“I wanted to work with companies where I believed that the outputs of their businesses, the things that they made and sold, are actually going to have a positive impact on people and the planet.
“So it became clear to me that the best place to situate myself was as an investor.
“Over the last five years, a lot of capital has moved into the sector but there’s much needed capital in the space, and so that was the impetus to start Giant Leap.”
How easy is it to convince people to invest in a venture capital fund?
“It takes a massive amount of trust and belief to invest in a venture capital fund,” explained Milgrom.
“It took us about two years to raise our first fund. We had 80 investors for that first fund, and we probably had to conduct 300 meetings or more to raise it.
“Thankfully when we raised our second fund, we managed to do it much faster and raised the equivalent of our first fund in just four weeks.
“We’re now about to close our second fund at about $50 million later this year.
“The process of raising funds is the same way as you would go through any other sales process.
“You have to conduct a lot of meetings, you have to find investors who believe in the mission and are excited about the sector, and will trust you to execute.”
Is the social impact sector ripe for disruption?
“Our investors definitely believe that the industries and sectors we’re tackling are ones that are going to drive economic success,” Milgrom said.
“Broadly speaking, we see our sectors as being education, health care, waste management, renewable energy, diversity and inclusion.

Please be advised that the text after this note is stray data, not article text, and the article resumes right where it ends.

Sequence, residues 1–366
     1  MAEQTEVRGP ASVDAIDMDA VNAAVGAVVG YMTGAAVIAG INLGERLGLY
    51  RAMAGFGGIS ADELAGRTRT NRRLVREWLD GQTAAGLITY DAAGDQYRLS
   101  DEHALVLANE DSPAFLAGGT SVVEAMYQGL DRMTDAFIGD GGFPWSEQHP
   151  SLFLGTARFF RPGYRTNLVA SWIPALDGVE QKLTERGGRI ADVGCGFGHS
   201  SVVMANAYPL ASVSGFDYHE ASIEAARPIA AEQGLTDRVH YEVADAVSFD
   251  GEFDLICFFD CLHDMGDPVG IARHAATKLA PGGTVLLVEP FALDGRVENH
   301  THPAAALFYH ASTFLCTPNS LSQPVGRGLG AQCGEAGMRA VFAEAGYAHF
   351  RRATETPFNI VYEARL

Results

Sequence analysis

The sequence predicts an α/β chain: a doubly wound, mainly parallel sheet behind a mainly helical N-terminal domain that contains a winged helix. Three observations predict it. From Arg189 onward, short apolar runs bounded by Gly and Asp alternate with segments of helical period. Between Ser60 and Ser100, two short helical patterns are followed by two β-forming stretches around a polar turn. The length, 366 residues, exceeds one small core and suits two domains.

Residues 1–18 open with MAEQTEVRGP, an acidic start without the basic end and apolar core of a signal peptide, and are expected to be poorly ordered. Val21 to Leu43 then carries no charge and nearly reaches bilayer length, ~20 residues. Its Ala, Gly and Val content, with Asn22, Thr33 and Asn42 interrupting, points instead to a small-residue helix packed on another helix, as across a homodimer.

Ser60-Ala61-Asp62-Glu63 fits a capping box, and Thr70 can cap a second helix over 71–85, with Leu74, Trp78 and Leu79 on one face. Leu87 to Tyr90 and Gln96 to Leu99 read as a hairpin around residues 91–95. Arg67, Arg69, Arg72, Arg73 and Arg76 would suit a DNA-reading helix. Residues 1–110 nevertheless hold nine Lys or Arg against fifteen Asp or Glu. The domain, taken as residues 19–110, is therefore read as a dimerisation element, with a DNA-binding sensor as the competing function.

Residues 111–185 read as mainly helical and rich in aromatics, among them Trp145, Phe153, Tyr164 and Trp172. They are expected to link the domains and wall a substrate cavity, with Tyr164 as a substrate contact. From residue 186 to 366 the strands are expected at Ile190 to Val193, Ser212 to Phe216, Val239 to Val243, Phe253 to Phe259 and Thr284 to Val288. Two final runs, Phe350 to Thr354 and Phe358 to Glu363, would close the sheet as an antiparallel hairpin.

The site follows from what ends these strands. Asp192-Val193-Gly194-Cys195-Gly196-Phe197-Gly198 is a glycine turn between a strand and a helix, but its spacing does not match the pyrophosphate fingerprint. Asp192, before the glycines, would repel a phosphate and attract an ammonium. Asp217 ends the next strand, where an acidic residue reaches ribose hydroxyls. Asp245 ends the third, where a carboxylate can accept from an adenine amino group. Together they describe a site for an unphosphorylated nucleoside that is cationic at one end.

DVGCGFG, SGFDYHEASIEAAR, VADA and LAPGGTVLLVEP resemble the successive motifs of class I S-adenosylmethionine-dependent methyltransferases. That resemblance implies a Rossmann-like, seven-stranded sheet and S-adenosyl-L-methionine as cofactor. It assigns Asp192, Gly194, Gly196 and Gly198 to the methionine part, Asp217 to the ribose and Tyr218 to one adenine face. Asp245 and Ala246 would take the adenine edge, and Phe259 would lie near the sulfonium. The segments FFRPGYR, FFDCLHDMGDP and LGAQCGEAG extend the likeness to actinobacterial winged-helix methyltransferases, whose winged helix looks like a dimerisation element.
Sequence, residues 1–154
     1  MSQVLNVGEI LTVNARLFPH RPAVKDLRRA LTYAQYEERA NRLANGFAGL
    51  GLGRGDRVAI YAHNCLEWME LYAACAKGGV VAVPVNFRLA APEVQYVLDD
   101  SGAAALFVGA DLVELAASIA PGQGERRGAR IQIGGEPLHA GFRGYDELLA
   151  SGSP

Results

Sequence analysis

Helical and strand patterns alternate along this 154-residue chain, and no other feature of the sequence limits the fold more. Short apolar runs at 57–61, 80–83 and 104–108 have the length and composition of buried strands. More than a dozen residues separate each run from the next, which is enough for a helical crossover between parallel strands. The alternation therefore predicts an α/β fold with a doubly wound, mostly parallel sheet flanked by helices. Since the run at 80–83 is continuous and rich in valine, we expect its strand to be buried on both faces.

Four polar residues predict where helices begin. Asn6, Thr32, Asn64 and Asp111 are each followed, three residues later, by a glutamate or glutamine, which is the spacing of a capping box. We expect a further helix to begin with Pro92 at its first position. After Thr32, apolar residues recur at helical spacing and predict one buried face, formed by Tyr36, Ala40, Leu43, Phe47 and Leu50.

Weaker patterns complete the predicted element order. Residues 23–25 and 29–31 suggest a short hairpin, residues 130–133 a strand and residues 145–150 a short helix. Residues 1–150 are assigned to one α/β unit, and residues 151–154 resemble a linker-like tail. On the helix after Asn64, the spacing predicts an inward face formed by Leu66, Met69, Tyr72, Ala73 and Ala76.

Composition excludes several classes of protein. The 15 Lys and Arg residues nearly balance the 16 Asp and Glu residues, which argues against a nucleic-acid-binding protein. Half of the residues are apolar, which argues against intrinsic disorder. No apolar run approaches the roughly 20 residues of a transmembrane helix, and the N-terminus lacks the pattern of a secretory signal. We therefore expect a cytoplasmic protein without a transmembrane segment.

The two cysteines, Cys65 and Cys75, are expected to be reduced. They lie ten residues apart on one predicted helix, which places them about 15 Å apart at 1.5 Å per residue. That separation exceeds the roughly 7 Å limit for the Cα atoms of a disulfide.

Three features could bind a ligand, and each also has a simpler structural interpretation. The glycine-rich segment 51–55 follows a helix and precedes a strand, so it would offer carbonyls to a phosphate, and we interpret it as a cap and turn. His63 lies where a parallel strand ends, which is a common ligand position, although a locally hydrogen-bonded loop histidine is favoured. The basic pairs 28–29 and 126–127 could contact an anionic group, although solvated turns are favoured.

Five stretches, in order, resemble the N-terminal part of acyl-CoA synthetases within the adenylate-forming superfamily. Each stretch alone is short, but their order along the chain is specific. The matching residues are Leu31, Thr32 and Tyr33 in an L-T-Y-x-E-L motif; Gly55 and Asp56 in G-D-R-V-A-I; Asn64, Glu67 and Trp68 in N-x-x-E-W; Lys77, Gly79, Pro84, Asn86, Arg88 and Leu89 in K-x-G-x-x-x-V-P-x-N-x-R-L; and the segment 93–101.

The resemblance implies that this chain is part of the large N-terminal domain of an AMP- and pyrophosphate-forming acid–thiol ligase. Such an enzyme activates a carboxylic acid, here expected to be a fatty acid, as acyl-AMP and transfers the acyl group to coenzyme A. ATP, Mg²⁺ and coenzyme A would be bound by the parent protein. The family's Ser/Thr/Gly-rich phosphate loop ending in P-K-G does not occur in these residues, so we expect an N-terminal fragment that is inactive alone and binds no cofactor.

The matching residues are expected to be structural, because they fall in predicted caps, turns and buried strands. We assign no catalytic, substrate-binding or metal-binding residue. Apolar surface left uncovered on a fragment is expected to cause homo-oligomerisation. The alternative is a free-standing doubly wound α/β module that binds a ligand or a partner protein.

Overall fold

“They fit under the three broad themes of sustainable living, health and well being, and empowering people.
“We believe each of those sectors has a really deep systemic problems that companies can solve, and therefore provides a huge market opportunity.
“Our investors are looking for us to find companies and evaluate them both on the basis they can have a positive impact, but also on the basis that there’s a big market opportunity and financial reward there.”
How many startups does Giant Leap evaluate and how many do you invest in?
“We fall under the ESVCLP regime, which mandates a minimum percentage of Australian companies, but we also have the international companies in our portfolio at present,” Milgrom said.
“When we launched six years ago, we were looking at approximately 150 to 200 opportunities per year. But we’ve seen that increase every year and this year, we’ll see over 1,500 opportunities.
“What’s great for us is that as we track our deal flow, we’re seeing a higher proportion of those opportunities meet our impact and commercial thresholds. This means that not only are we seeing more ideas and opportunities, they’re better as well.
“Of those 1,500 opportunities that we look at, we would typically make somewhere between four and six investments per year.